Throughout my two years at Georgetown, I’ve heard people say countless times that the university does everything in its power to help students graduate in four years. But in my experience, this is only true if you’re able-bodied, able-minded, and you’re, well, on track to graduate in four years.
Georgetown preaches about how inclusive the institution is of all community members, in terms of race, sexual orientation, gender identity, religion, ethnicity, citizenship, socioeconomic status, and place of origin. I’m sure that many students could write at length about how Georgetown has failed to make them feel included and safe with regards to their identities, but I want to discuss an identity that people often forget belongs on this list: ability.
I have severe Attention Deficit Hyperactivity Disorder (ADHD), in addition to a chronic disease that has spread near my brain and warranted urgent, serious surgery. My entire life used to revolve around playing soccer, but my disease eroded bones near my brain, and now I can’t engage in physical activity because of the risk of having brain fluid leak into places it shouldn’t. Despite this, I never thought of either of these conditions as part of my identity (or even as disabilities). That is, before I came to Georgetown.
The five-course semester is manageable for most Georgetown students, even if they may be stressed out of their minds and unable to shut up about it. But for someone with ADHD as bad as mine and a disease that almost killed me, rendering me unable to breathe or get out of bed for an entire semester last year, the five-course semester leads to endless all-nighters, a constant feeling of inadequacy, poor results, and an exacerbated attention disorder due to the overwhelming stress. After withdrawing from a course last fall and undergoing serious surgery over winter break, I realized that the only way I’d make it through Georgetown in four years and graduate with my peers is by taking four courses each semester, and subsequently catching up with summer courses.
I planned to take four online courses this summer, which would have allowed me to be in Arizona near my doctor and stay on track to graduate on time. I began looking into summer school options in January, and learned that the Georgetown online summer school session structure only permits a student to take two courses the entire summer. I was left with no choice but to apply for approval of four non-Georgetown online courses and hope the Dean’s Office would sympathize with my situation.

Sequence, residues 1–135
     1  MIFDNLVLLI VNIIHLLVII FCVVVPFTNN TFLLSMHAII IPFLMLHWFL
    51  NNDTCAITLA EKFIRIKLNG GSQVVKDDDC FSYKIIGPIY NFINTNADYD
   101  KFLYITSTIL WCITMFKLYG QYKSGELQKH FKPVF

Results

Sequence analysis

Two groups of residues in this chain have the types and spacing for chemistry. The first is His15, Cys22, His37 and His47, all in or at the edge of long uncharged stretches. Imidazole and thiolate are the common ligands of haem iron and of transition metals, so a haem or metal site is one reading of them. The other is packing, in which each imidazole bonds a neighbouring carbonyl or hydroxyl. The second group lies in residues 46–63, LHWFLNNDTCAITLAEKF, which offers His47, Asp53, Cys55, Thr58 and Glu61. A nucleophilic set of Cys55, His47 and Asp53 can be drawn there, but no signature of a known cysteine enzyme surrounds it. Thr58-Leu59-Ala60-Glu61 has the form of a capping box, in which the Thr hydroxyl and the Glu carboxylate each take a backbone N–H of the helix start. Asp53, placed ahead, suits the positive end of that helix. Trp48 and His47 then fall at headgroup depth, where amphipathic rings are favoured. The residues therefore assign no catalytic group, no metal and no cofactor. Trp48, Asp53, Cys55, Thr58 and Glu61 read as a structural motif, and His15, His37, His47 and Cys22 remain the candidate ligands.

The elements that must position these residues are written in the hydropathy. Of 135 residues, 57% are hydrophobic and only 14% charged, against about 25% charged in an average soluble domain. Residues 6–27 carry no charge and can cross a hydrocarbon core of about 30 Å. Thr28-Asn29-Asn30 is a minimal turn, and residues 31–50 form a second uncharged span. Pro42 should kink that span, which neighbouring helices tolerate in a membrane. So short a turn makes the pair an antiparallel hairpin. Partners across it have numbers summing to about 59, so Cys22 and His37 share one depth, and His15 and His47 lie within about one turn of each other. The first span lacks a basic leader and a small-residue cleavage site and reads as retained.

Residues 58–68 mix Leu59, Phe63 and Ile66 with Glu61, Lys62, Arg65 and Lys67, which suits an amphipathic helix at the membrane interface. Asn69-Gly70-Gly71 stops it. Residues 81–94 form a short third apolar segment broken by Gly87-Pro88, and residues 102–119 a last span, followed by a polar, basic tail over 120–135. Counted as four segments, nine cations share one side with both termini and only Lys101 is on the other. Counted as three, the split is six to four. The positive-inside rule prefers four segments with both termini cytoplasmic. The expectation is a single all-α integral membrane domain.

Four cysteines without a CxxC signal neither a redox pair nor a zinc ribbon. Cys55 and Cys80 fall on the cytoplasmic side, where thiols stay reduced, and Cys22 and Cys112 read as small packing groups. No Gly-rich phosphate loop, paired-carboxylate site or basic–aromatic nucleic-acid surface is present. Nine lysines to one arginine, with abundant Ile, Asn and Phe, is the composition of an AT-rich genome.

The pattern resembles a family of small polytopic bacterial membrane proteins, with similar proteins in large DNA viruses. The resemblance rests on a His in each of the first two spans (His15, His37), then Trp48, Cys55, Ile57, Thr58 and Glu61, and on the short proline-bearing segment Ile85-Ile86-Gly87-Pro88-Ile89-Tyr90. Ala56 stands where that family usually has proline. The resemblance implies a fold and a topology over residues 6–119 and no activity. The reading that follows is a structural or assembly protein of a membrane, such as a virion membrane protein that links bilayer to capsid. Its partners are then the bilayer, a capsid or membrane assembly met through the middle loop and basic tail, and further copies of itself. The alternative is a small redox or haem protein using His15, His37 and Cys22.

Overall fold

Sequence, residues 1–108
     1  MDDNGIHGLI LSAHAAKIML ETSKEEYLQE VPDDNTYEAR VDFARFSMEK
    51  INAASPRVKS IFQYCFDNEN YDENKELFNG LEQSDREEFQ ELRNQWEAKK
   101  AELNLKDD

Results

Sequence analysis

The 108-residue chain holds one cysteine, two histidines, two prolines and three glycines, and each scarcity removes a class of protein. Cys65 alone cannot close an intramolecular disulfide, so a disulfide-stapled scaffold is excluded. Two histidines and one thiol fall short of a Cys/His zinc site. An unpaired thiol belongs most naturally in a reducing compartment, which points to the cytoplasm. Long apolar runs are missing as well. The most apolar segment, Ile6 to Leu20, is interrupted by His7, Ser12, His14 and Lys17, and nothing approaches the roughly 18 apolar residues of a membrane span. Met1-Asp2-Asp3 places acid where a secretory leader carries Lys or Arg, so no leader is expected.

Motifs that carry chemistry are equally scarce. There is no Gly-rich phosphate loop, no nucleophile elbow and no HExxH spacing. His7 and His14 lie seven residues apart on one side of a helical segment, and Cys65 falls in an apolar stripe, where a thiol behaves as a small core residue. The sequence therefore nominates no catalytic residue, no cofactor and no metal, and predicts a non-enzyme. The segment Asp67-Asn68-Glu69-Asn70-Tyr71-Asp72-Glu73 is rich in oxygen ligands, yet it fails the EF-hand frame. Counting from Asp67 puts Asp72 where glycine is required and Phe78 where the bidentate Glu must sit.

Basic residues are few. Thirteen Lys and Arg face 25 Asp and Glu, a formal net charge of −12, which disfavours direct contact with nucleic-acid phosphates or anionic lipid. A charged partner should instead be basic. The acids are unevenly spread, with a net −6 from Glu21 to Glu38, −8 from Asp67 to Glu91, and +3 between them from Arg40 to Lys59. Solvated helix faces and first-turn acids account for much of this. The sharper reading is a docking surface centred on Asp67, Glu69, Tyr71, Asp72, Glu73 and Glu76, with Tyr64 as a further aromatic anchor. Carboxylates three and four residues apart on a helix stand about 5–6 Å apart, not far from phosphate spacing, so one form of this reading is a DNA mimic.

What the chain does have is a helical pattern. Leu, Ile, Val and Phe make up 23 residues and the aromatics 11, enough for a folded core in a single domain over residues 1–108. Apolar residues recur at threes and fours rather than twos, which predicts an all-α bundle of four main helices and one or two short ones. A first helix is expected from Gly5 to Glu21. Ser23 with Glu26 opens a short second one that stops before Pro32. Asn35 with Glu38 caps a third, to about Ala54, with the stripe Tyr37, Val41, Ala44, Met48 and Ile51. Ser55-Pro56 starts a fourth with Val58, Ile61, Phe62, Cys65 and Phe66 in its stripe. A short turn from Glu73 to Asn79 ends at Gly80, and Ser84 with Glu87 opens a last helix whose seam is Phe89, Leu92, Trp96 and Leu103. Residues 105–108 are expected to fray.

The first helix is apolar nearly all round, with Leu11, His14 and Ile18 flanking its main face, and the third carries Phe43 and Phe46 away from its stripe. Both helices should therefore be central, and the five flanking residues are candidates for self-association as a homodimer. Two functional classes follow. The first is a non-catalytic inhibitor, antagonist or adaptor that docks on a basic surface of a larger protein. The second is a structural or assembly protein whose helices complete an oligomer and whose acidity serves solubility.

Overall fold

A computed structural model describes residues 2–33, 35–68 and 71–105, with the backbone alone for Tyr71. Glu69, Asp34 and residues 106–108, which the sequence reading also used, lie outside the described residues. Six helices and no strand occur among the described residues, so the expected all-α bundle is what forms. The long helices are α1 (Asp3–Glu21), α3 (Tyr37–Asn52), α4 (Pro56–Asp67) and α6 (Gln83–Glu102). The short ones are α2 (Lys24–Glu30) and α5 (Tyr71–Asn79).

Long story short, I applied for 13 courses in total over the course of five months, and I made it clear to the deans that I was open to taking literally any courses from any school that would allow me to get twelve credits with four classes during this past summer semester. However, the deans rejected a multitude of courses that actually met their stated criteria, simply because they “weren’t up to Georgetown’s standards.”
The application process lasted from January through the beginning of June, by which time I was enrolled in a UConn online course that definitely met all of the committee’s standards, and was much more academically rigorous than the other courses they had already approved. The committee requires a certain level of professor-student interaction and student to student interaction, as well as video lectures, regular instructor feedback, and evidence of various deadlines throughout the semester in order to approve the class. Most classes I applied for had have all of these aspects, not to mention that all of these classes met the criteria better than the Georgetown online courses many of my friends were taking.
After five months of applying for 13 courses and only being approved for three, I decided to stick it out in a history course that met the aforementioned criteria, and simply wait for the committee to approve it the course. Three days into the course, however, one of the deans informed me that the course didn’t have a large paper or exam, and thus could not transfer in for credit as a Georgetown history course. I informed the course professor of the situation, and he said he was willing to tweak the class and help me in whatever way possible so I could get credit.